August in China: Buddhas Everywhere Part Un

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One popular day trip out of Chengdu led me out to Leshan to ogle the Big Buddha. I was dismayed when told at the main entrance that only taopiao (literally: set tickets) were sold there, meaning that the only way to gain entry to see the Leshan Buddha was to also buy the set of tickets that led to some Buddha complex with the most Buddha statues in the county or some sort. It was only at the end of the day when I left by a side entrance that I realised that tickets only to Leshan were sold at a minor side gate. Yet another buyer beware warning.

I figured that I’d gone this far so I might as well pay the extra and wander through the amusement park anyway. There was a huge sleeping Buddha likeness carved into a hill face…


… a series of sitting Buddhas carved into a hill face…


… and lots of little Buddhas carved into niches behind a hill face!


I quite enjoyed this bodhisattva with the infinite arms, it was just too bad the bare bulb lighting was so unflattering.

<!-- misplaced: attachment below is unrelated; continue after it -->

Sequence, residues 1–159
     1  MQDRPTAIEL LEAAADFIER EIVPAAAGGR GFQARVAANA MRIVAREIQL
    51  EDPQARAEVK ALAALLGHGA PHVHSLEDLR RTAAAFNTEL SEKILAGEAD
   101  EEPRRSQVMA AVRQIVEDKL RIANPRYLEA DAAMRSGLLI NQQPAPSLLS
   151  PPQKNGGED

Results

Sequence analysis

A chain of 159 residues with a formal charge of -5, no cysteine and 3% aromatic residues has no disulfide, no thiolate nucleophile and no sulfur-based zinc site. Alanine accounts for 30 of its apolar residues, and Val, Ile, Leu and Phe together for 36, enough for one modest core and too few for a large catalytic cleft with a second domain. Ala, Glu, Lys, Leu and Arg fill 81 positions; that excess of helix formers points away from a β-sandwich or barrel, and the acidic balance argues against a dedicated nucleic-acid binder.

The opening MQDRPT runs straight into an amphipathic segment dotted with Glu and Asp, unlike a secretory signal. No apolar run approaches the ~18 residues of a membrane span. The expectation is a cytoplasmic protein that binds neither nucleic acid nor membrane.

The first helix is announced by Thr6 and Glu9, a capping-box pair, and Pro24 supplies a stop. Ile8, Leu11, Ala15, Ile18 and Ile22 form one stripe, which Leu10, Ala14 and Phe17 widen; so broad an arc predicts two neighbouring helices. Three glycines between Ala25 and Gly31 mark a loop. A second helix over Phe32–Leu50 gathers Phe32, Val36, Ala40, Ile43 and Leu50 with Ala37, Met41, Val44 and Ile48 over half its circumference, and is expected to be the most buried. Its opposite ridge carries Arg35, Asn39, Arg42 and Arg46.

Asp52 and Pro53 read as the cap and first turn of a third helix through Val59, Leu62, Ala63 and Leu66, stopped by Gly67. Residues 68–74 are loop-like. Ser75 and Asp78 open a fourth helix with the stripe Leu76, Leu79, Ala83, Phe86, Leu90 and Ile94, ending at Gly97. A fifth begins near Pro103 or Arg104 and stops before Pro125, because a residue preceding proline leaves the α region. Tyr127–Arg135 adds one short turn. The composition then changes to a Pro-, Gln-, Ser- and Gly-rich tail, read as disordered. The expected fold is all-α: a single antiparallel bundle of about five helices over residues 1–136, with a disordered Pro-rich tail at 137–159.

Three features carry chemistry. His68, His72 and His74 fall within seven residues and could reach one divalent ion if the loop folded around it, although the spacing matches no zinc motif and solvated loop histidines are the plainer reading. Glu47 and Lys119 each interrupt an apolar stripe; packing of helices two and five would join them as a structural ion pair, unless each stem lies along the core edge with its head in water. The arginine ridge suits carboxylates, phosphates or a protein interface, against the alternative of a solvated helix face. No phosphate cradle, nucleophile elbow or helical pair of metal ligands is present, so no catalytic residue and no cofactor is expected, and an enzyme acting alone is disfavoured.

However, I wasn’t too impressed with the deliberately neglected and moss-ridden figures outside.


This one of the Laughing Buddha wasn’t too grotesque, just that it was too bad his belly was too far up to rub for good luck.


After a rather ho-hum whiz past the rest of the statues came a very steep flight of stairs…


… that rather surprisingly came with its own Health & Safety warning! The sign basically advises all those with acrophobia, high blood pressure, heart problems, the old, young and weak to take the other gentler route for the sake of life and safety. Rather impressive for China, I felt.


The steep set of stairs of course led up to the entrance to Leshan, but enroute I stopped several times to admire the lovers’ locks lining the railing. It’s typical of Chinese custom for lovers to place a lock on the railing and throw away the key to symbolise their everlasting love. Judging from the numerous locks there, Chinese people can be very sentimental.


One thought on “August in China: Buddhas Everywhere Part Un

  1. Pingback: August in China: Buddhas Everywhere Part Un « eat. drink. cook … | China Today

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